HENNEPIN — Calling it “the elephant in the room,” Judge Stephen Kouri, at a June 28 hearing, discussed the challenge of jury selection that will be faced before a trial for Clifford A. Andersen Jr. can proceed in Putnam County.
Andersen, 68, of Standard is charged with killing his sister-in-law, Deborah Dewey, and concealing her body. Dewey, 62, of Ladd was reported missing in August 2016.
Her body was found on Sept. 12, 2016, in a shallow grave in a yard of a Standard home for which Andersen was caretaker. Police were alerted to the property following an interview with a person who had knowledge about the case. One day after Dewey’s body was found in Standard, police arrested Andersen.
“I think we’ll know by the end of the first day of jury selection whether or not we’ll be able to seat a jury here,” Kouri said during the status hearing on June 28.
Before jury selection begins on July 9, a final pretrial status hearing was scheduled for 10 a.m. July 5.
On that day, Kouri planned to make rulings regarding motions on the admissibility of photos and X-rays from Dewey’s autopsy, financial evidence, video surveillance and the chain of custody of evidence.
He’ll also be deciding on the stipulations of jury selection.
In response to the defense’s question regarding the admissibility of conversations Andersen had with his wife, Diane, Kouri said he’d already ruled on that motion. She will be allowed to be called and testify at the trial.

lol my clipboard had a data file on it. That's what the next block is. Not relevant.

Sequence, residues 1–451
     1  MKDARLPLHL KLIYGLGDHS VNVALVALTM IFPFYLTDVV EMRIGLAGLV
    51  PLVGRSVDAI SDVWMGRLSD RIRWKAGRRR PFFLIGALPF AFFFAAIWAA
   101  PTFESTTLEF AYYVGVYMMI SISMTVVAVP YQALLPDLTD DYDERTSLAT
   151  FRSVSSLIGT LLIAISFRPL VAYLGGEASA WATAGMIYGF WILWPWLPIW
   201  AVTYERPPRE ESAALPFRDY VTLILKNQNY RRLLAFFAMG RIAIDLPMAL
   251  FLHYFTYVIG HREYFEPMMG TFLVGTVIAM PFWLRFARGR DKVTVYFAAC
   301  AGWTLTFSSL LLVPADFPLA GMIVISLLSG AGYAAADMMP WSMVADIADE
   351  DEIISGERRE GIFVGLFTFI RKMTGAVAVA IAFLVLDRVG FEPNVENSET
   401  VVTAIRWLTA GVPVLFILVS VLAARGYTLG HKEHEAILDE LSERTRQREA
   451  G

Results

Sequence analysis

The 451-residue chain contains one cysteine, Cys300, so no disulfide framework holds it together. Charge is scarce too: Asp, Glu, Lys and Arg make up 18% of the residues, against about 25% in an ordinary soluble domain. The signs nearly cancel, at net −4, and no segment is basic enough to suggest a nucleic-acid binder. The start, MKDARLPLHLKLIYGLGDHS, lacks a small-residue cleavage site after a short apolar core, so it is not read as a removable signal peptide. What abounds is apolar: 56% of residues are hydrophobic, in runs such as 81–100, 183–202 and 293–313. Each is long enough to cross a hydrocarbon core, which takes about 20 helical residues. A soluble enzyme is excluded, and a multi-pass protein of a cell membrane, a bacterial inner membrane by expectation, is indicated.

Assistant Illinois Attorney General Bill Elward stated he has a list of approximately 75 witnesses and will be providing the judge with a list before the next hearing.
Andersen’s lawyer, Drew Parker, of Peoria’s Parker and Parker Law Firm, said he’ll be calling about 14 witnesses to take the stand.
A change of venue to a Tazewell County courtroom is possible if a jury is unable to be seated in Putnam County, and Kouri was concerned the amount of witnesses being called could negatively impact jury selection.
“I’ve tried over 220 jury trials and never had anywhere near that number of witnesses,” Kouri said.
Elward said many of his witnesses won’t be on the stand long, and that some will bolster both the video surveillance and financial evidence that has been previously challenged by the defense.
While the judge has previously ruled largely in favor of the defense on those issues, he also left the option for the prosecution to regain their admissibility if stronger evidence can prove their relevance.
Kouri has anticipated jury selection will take up to three days and said it should be known by the end of the first day whether they’ll be able to select a local jury.
Both Elward and Parker were in agreement with the questionnaire for the approximately 300 prospective jurors.
Two to four alternates will also be chosen from the pool.
Kouri also said it was up to the lawyers to come to an agreement before the July 5 hearing on whether prospects would be interviewed as a group or one-by-one, saying it’s been his experience individual interviews don’t necessarily mean the process will be slower.
Elward additionally stated during the hearing that the state is continuing to provide discovery evidence that is being shared with the defense.